Object

Magnetic resonance imaging is commonly used in diagnosis and surveillance for optic pathway glioma (OPG). The authors investigated the role of diffusion tensor (DT) tractography in assessing the location of visual pathway fibers in the presence of tumor.

Methods

Data in 10 children with OPG were acquired using a 3T MRI generalized autocalibrating parallel acquisitions DT–echo planar imaging sequence (25 isotropic directions with a b value of 1000 seconds/mm2, slice thickness 3 mm). Fiber tractography was performed, with seed regions placed within the optic chiasm and bilateral nerves on the coronal plane, including the tumor and surrounding normal-appearing tissue. Tracking was performed with a curvature threshold of 30°.

Results

For prechiasmatic lesions, fibers either stopped abruptly at the tumor or traversed abnormally dilated nerve segments. Similar findings were seen with chiasmatic lesions, with an additional arrangement in which fibers diverged around the tumor. For each patient, DT tractography provided additional information about visual fiber arrangement in relation to the tumor that was not evident by using conventional MRI methods. Retrospective reconstruction of visual fibers in 1 patient with new postoperative hemianopia revealed an unexpected superior displacement of the optic tract that might have been helpful information had it been applied to preoperative planning or surgical navigation.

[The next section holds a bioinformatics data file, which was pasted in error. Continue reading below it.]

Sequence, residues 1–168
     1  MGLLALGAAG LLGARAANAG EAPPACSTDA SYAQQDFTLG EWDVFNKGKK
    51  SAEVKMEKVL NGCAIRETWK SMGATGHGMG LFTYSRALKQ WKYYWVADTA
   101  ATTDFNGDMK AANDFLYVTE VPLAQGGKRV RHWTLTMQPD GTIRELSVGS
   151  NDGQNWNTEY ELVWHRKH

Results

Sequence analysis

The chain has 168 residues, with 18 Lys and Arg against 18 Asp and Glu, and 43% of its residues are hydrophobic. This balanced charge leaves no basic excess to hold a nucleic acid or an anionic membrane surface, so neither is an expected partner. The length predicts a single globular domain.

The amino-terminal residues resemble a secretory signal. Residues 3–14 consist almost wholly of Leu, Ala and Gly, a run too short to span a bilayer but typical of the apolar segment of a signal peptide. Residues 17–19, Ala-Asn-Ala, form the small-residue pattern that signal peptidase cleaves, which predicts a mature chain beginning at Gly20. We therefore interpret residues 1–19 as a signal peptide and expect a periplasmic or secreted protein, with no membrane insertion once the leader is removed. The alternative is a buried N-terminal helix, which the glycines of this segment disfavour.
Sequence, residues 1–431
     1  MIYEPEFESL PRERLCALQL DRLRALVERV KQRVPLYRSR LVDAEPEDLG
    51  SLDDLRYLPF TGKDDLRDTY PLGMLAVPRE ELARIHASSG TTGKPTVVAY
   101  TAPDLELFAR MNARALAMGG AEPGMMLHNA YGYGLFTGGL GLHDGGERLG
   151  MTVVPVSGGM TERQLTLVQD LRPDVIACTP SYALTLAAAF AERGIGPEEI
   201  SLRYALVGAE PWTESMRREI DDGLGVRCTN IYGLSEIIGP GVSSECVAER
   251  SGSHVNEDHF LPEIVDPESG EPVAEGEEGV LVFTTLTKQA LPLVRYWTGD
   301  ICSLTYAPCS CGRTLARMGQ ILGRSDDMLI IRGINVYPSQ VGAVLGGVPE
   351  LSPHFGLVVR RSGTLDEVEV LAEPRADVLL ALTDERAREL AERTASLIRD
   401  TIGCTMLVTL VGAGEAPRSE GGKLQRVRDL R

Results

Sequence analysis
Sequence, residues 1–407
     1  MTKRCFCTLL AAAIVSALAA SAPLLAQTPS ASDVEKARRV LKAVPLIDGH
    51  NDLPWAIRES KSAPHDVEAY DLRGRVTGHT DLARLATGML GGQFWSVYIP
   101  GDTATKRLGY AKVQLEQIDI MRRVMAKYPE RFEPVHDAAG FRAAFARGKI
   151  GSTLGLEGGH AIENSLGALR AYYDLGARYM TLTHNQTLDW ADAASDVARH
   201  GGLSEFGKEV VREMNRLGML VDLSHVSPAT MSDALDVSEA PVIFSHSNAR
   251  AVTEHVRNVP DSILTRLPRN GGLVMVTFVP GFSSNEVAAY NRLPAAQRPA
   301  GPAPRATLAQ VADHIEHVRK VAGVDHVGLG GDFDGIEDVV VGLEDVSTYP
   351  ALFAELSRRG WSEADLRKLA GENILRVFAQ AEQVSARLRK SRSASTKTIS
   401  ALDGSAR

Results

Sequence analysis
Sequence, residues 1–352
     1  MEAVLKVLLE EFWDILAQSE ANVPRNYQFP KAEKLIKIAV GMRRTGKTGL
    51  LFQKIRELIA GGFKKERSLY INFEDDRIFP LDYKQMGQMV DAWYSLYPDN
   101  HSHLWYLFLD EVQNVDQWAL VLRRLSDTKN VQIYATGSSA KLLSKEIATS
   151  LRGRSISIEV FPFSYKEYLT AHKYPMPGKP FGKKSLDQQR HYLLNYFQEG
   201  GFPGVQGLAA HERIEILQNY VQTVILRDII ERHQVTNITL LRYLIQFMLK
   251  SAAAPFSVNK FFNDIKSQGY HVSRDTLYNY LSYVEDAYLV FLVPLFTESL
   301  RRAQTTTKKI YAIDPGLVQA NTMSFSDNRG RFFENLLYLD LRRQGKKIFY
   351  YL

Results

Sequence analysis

Conclusions

Optic pathway DT tractography is feasible in patients with OPG and provides new information about the arrangement of visual fibers in relation to tumors that could be incorporated into surgical navigation for tumor biopsy or debulking procedures.

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Allen L. Ho, John G. D. Cannon, Jyodi Mohole, Arjun V. Pendharkar, Eric S. Sussman, Gordon Li, Michael S. B. Edwards, Samuel H. Cheshier and Gerald A. Grant

OBJECTIVE

Topical antimicrobial compounds are safe and can reduce cost and complications associated with surgical site infections (SSIs). Topical vancomycin has been an effective tool for reducing SSIs following routine neurosurgical procedures in the spine and following adult craniotomies. However, widespread adoption within the pediatric neurosurgical community has not yet occurred, and there are no studies to report on the safety and efficacy of this intervention. The authors present the first institution-wide study of topical vancomycin following open craniotomy in the pediatric population.